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By From staff reports | March 16, 1996
Actress Jada Pinkett, called away by Universal for a shoot, has canceled her appearance at the Walters Art Gallery on Sunday. She was going to read to children as part of "Lasting Impressions," a celebration of black history featuring an exhibit of children's book illustrations.The reading probably won't be rescheduled, the Walters says, but today at 2 p.m., pediatric neurosurgeon Dr. Benjamin Carson will read. Mayor Kurt L. Schmoke will be on hand at 2 p.m. March 30 for another free reading.
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NEWS
By FREDERICK N. RASMUSSEN and FREDERICK N. RASMUSSEN,SUN REPORTER | July 11, 2006
Georgianna H. Price, an outgoing and friendly librarian who enjoyed sharing her love of reading with children, died of congestive heart failure July 4 at University of Maryland Medical Center. The longtime Columbia resident was 72. She was born Georgianna Hunter in Brooklyn, N.Y., the daughter of a college chemistry professor, and graduated from high school in Hampton, Va. In 1955, she married Army officer George B. Price, who during a 28-year career attained the rank of brigadier general and moved his family numerous times.
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NEWS
January 6, 2002
Area schools and literacy programs seek volunteers to help children and adults improve reading skills, and to assist with related projects. Among them: The Gateway at Admiral Oaks, 430 Captain's Circle, Annapolis, is seeking volunteers to tutor and read to children in grades one through eight at its after-school Homework Club from 3 p.m. to 6 p.m. Mondays through Thursdays. Information: Rick Gross or Kathie Cronin, 410-280-2172. If your school or organization would like to be included in this listing, call Sundial at 410-783- 1800 and enter code 6130.
NEWS
January 6, 2002
Area schools and literacy programs seek volunteers to help children and adults improve reading skills, and to assist with related projects. Among them: The Gateway at Admiral Oaks, 430 Captain's Circle, Annapolis, is seeking volunteers to tutor and read to children in grades one through eight at its after-school Homework Club from 3 p.m. to 6 p.m. Mondays through Thursdays. Information: Rick Gross or Kathie Cronin, 410-280-2172. If your school or organization would like to be included in this listing, call Sundial at 410-783- 1800 and enter code 6130.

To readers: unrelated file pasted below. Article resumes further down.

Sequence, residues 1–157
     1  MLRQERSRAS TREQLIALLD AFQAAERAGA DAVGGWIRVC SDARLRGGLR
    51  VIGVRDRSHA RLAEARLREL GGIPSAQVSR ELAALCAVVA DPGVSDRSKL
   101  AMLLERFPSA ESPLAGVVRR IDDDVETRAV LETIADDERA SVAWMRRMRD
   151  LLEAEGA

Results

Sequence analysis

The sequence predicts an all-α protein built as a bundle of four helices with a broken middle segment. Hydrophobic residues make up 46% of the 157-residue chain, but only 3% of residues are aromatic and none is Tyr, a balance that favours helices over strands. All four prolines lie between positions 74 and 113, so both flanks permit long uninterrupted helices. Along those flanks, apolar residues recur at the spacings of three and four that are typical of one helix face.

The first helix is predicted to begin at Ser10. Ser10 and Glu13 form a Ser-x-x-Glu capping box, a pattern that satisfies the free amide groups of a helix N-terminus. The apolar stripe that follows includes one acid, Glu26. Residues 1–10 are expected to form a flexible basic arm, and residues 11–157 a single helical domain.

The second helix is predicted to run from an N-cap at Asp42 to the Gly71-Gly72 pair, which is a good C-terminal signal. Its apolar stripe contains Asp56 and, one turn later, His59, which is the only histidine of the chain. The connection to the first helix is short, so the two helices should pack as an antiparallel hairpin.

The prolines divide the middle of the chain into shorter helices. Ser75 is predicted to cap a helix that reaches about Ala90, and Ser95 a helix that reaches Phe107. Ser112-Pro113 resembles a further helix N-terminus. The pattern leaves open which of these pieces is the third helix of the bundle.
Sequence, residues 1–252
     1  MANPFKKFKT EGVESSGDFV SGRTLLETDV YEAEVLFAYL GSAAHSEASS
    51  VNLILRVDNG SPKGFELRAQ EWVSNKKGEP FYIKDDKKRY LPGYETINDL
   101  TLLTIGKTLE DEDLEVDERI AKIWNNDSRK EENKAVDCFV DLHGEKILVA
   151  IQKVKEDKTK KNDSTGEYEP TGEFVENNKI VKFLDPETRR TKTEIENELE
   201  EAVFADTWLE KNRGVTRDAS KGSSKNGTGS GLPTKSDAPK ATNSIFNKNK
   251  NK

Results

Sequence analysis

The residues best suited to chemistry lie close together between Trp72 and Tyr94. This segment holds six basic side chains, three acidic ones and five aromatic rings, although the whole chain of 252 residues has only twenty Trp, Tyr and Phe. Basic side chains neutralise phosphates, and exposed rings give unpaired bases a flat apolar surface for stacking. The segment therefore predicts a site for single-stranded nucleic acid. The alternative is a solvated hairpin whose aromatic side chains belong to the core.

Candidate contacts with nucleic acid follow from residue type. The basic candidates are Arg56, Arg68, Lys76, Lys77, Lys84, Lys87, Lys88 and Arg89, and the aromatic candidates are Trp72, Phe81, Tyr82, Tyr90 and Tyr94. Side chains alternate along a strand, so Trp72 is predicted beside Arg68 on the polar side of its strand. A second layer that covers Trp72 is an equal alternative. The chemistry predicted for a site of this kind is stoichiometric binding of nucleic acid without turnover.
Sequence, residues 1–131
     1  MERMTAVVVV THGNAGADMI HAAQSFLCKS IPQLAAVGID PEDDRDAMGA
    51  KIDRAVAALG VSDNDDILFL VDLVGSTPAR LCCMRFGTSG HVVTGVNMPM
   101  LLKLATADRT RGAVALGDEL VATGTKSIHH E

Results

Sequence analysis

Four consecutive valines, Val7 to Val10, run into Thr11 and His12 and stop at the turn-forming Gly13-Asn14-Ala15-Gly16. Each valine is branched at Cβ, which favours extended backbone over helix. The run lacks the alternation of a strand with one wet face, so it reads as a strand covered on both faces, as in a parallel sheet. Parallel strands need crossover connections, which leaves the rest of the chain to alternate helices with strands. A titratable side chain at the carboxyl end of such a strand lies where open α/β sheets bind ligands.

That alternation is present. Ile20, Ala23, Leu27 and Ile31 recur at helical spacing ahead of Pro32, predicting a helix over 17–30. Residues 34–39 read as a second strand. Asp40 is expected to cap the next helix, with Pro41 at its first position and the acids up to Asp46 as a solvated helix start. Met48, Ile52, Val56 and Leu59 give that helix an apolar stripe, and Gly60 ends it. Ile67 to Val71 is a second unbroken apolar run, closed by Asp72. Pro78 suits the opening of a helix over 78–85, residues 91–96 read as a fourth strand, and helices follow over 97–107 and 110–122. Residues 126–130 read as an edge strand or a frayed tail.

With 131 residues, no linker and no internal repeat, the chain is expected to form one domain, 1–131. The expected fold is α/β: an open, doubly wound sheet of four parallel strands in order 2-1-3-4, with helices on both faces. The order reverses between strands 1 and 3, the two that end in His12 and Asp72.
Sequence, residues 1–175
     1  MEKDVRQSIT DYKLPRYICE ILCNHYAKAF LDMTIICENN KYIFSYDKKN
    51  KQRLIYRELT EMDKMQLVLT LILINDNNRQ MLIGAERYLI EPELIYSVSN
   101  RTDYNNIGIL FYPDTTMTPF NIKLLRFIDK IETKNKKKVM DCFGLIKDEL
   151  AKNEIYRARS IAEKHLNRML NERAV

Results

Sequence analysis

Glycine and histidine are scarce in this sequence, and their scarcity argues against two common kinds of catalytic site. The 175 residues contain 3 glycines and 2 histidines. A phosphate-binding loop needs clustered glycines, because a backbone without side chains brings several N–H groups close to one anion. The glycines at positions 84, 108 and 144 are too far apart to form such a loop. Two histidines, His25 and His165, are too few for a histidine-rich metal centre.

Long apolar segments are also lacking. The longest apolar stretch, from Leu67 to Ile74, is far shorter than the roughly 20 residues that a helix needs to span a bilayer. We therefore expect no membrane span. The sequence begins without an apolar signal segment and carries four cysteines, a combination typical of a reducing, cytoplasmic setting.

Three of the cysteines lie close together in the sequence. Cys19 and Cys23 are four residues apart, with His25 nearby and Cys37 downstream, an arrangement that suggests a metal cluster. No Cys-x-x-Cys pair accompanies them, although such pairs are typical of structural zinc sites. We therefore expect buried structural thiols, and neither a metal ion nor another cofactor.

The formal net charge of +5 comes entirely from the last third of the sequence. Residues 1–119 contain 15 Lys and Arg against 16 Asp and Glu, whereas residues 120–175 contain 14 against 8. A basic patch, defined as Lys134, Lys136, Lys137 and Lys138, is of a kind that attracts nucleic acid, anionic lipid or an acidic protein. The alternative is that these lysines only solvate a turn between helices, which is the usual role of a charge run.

NEWS
May 14, 2000
Area schools and literacy programs seek volunteers to help children and adults improve reading skills. Among them: Corpus Christi Community Center, 703 Whitelock St., Baltimore, which operates a three-day-a-week tutoring program for children ages 8 to 12. Volunteers are needed from 3 p.m. to 5 p.m. Mondays, Wednesdays and Fridays. Contact: Mariano DiDonato, 410-521-5822. Garrett Heights Elementary School, 2800 Ailsa Ave., Baltimore, for tutoring or to read to children in grades two, three and four for a summer school program to begin June 28. Hours will be 9 a.m. to noon Monday through Friday.
NEWS
By Sherry Graham and Sherry Graham,SPECIAL TO THE SUN | April 6, 1999
AN EASTER tradition continued at St. Stephen's Reformed Episcopal Church in Eldersburg on Sunday when the Sunday School program presented its annual Easter play. Children have performed a play at Easter and Christmas for more than a dozen years.Under the direction of teachers Frances Frey and Suzette Godman, 14 youngsters presented "Easter Praise Parade." The play told the Easter story through a group of neighborhood children planning and preparing to hold a parade through their town.Emily Riddle, Stephanie Carney, Jill Bankard, Brooke Laur and Brian Crouse had the primary roles.
NEWS
By Peter Honey and Peter Honey,Washington Bureau of The Sun | April 17, 1991
WASHINGTON -- President Bush confessed yesterday to having said "a bad word . . . a really naughty word" in front of a lady.The elementary school children to whom the president made the admission didn't judge him too harshly, though.One of them presented him with a green bookmark in the treelike shape of Mr. Bush's least favorite vegetable, prompting him to wrinkle his nose and ask how many liked broccoli. At least half raised their hands.It all happened at the White House, where Mr. Bush read fairy tales and poems yesterday to 15 first- and second-graders from Zachary Taylor Elementary School in nearby Arlington, Va., as part of Read Aloud Day, a nationwide program to encourage adults to read to children.